What's the background?
A new high-speed railway, known as HS2, is being constructed between London and the North.
However, some are against the £106bn plan - claiming it is the "most expensive, wasteful and destructive project in UK history" and that it is "set to destroy or irreparably damage 108 ancient woodlands and 693 wildlife sites".
However, bosses at HS2 have said seven million trees s will be planted during the opening phase of the project and that much ancient woodland will "remain intact", according to BBC News.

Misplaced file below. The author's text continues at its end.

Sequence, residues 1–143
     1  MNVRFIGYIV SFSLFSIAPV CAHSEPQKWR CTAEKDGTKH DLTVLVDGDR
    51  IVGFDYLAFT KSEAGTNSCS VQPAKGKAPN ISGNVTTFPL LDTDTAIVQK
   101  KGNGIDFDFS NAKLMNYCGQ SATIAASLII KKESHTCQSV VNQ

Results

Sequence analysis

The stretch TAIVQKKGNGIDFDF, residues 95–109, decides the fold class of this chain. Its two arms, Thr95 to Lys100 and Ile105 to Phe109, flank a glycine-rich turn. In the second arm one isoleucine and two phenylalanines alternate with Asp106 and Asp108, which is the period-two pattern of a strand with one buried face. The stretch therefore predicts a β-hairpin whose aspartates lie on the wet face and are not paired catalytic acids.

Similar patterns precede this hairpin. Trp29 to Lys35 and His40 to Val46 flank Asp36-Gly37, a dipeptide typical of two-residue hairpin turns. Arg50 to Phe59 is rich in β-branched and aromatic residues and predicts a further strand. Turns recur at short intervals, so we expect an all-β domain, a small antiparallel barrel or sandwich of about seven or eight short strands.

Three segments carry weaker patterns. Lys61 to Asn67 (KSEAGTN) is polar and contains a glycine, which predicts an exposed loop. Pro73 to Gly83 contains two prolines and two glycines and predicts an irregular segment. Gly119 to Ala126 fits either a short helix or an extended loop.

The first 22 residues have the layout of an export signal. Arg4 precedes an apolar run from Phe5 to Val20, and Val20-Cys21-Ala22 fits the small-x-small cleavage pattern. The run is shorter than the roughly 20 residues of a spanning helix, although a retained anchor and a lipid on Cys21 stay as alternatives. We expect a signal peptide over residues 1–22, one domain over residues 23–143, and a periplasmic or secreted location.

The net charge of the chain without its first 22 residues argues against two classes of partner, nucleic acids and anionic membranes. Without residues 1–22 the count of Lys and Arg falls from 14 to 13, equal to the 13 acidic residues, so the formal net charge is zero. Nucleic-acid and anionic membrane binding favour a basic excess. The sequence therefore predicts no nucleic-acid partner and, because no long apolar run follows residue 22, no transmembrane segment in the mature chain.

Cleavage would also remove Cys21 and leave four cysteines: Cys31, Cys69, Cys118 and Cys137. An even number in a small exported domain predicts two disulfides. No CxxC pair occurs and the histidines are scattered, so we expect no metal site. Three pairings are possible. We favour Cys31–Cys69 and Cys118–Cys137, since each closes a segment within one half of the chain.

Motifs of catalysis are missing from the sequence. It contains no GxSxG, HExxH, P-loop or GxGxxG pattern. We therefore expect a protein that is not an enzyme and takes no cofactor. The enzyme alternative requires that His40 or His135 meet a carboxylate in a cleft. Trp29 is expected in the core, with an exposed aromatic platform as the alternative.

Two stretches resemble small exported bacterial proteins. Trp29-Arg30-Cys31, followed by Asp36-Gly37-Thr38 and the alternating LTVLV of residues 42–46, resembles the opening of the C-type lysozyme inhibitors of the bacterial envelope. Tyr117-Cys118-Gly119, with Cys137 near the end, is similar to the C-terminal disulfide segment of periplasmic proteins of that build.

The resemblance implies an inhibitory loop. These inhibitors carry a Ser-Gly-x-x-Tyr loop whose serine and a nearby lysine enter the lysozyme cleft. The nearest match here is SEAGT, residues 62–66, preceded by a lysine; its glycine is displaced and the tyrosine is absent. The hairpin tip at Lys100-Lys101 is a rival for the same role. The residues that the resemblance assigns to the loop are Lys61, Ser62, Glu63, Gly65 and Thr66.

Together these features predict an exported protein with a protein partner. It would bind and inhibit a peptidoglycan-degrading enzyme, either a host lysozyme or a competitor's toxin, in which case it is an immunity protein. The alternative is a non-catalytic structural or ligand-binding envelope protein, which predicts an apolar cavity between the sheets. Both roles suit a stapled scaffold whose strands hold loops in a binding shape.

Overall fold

Find out more about the project, and arguments for and against it, on this Newsround page.
What's happening now?
According to BBC News, campaigners spent months digging the tunnel they claim is 100ft (30m) long to protest against the railway's construction. Since August, HS2 Rebellion members have been living in tree houses and tents at a camp nearby.
Now, HS2 have started to evict activists who dug the tunnel near Euston station. A HS2 spokeswoman said the protesters were "trespassing" on land owned by the company.
- What's the aim of this protest?
- Why have protestors chose this method of protest?
- Do you think it will make a difference?